Thursday, 22 April 2010

Got Any ABBA? The Rules of DJing at Weddings

My mate/fellow disc jockay is playing his first wedding this weekend and asked me for some tips. In lieu of any new ideas/content, I thought I'd post it here. Once I've reassembled Niall and Gaby's wedding mix (from two weeks ago in Brighton), you'll be able to hear my theory put to practice here - PLUG! - and if you're friends with them go here to see THE Florence and the Machine congratulate them (sort of) on choosing You Got The Love (not her version) as their first song. Kudos.
  • If it's not too late, find out what the happy couple like and play that. The old rule of getting the ladies dancing is doubly true if one of them is a bride.
  • Be prepared to play cheese, but don't play stuff (unless asked) too far from your comfort zone. If you think tunes are absolutely gash then you - and the guests - won't have any fun. 
  • A related note - play requests if you can, but if you don't have songs just tell people you don't. If you have a comrade to fend off the requests, even better. Bloody requests.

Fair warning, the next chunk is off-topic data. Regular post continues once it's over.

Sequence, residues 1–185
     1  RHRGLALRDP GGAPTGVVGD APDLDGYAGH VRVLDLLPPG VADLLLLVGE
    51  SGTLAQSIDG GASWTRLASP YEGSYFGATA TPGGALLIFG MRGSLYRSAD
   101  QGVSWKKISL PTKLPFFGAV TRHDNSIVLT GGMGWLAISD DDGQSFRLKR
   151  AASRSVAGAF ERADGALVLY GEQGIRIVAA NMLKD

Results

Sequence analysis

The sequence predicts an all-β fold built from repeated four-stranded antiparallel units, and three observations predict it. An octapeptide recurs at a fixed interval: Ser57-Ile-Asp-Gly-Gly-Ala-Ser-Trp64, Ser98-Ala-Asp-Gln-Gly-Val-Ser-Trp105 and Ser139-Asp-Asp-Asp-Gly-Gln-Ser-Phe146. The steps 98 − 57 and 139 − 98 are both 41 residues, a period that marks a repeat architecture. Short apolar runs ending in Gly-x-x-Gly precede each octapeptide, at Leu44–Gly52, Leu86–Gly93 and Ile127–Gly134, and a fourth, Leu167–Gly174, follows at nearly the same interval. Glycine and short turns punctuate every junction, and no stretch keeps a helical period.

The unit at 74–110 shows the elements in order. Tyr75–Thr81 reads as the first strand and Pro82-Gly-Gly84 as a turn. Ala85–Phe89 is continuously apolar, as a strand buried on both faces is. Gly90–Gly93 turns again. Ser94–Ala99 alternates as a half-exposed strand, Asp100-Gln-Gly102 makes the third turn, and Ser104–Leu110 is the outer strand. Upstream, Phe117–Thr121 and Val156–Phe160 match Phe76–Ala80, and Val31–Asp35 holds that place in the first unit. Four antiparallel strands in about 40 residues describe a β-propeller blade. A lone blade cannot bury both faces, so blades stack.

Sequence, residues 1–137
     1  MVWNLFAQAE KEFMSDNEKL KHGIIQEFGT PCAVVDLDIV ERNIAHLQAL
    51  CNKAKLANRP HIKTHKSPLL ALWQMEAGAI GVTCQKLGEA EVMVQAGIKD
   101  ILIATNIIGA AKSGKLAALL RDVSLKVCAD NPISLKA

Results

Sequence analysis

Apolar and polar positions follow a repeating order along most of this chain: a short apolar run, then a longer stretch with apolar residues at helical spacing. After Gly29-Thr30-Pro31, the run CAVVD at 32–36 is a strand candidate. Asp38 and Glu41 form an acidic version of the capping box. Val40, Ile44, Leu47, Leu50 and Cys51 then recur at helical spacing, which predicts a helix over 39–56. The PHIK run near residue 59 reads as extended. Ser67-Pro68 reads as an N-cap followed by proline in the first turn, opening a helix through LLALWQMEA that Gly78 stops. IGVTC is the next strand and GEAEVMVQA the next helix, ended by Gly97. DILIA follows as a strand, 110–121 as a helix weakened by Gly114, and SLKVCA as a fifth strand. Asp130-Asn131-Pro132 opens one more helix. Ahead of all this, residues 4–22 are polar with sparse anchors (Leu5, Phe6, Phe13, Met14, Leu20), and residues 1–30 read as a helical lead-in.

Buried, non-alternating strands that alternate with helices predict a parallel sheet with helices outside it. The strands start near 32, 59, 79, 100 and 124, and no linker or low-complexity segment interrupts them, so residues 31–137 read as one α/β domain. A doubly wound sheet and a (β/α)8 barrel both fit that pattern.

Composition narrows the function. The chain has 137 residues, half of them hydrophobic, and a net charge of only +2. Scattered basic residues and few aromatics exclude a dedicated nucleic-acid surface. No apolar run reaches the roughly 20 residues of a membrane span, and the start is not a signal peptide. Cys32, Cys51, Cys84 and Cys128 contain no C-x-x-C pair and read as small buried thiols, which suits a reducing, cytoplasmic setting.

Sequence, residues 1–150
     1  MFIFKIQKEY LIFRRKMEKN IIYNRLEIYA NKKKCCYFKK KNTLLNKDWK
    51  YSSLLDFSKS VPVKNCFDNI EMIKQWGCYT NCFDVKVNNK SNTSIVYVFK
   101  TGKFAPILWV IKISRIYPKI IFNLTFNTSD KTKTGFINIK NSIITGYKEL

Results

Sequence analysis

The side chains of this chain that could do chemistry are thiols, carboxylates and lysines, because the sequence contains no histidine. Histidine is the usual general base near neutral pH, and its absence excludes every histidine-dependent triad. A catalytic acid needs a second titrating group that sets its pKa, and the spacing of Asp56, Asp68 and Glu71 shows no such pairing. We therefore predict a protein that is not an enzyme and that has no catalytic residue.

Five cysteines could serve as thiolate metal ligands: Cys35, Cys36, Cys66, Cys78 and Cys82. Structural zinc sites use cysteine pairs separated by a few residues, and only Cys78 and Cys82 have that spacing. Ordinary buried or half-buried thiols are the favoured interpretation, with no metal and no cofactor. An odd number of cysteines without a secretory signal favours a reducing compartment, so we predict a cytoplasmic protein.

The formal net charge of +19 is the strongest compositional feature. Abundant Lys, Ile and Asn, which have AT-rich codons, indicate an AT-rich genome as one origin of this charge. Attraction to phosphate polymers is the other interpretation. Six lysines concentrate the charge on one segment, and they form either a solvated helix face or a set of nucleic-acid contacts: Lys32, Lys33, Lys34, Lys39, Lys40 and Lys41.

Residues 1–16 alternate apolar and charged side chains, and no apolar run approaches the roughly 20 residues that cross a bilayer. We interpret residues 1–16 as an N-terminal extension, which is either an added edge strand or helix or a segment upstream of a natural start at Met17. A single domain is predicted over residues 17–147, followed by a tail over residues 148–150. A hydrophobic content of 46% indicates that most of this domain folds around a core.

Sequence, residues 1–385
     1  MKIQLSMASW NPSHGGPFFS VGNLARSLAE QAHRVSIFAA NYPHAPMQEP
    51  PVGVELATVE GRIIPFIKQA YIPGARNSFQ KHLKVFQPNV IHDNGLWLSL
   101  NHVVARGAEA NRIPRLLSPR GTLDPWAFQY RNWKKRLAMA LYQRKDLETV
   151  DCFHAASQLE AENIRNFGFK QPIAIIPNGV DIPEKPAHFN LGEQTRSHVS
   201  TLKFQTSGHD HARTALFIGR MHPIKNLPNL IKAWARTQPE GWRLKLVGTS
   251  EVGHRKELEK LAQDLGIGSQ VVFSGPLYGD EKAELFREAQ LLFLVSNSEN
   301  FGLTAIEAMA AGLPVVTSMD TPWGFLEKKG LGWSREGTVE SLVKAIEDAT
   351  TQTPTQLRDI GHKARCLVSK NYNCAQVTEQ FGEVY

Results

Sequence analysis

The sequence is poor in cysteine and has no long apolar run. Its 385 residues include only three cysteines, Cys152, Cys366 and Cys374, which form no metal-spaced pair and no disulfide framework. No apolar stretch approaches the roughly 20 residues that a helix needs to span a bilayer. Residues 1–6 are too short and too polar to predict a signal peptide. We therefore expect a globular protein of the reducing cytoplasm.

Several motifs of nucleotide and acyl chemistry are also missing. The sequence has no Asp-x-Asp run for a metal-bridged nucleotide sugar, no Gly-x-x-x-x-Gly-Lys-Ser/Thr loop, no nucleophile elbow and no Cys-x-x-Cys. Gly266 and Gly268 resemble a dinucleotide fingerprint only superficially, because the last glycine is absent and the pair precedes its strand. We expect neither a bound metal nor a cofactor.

• Take risks. You'd be surprised at what a drunken, captive, all-ages crowd will go for, so try it and be ready to mix out if it bombs (my crowd wasn't feeling the Theme From Shaft!). If you're going late, go hard - by then the old folk will be ready to go home, and the youngsters will be ready to GET DOWN.
  • Having said that, play a set with a fairly broad age appeal. 80s is a good place to start as it appeals to the young(ish i.e. 30-odd) and their aunts and uncles alike. Have some Northern Soul or (original) R&B or Beatles on hand in case a granny wants to shake her tailfeather.
  • Billie Jean. Everyone likes it - literally.
And no, I haven't got any Mavericks.

1 comment:

small said...

Me likes this. I've never played a wedding but somehow once ended up playing a ladies only strip night at the Kennington branch of the Royal British Legion, drunk army wives who've just seen cock love the sounds of Mel and Kim.

You're never gonna be respectable.

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